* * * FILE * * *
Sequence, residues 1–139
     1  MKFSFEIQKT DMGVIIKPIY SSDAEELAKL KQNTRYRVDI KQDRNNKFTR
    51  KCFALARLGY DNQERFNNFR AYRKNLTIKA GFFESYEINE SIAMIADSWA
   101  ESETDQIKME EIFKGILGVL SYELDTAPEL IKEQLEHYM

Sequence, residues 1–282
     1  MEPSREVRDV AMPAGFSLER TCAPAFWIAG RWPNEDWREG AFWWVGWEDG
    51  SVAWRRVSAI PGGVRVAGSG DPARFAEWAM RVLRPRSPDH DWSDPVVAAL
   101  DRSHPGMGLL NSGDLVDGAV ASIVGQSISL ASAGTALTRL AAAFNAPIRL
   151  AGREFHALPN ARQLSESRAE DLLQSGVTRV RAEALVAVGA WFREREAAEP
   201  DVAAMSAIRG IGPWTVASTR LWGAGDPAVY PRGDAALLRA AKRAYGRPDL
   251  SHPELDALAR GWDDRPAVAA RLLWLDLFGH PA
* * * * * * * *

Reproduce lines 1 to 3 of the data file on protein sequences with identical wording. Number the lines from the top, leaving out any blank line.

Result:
Sequence, residues 1–139
     1  MKFSFEIQKT DMGVIIKPIY SSDAEELAKL KQNTRYRVDI KQDRNNKFTR
    51  KCFALARLGY DNQERFNNFR AYRKNLTIKA GFFESYEINE SIAMIADSWA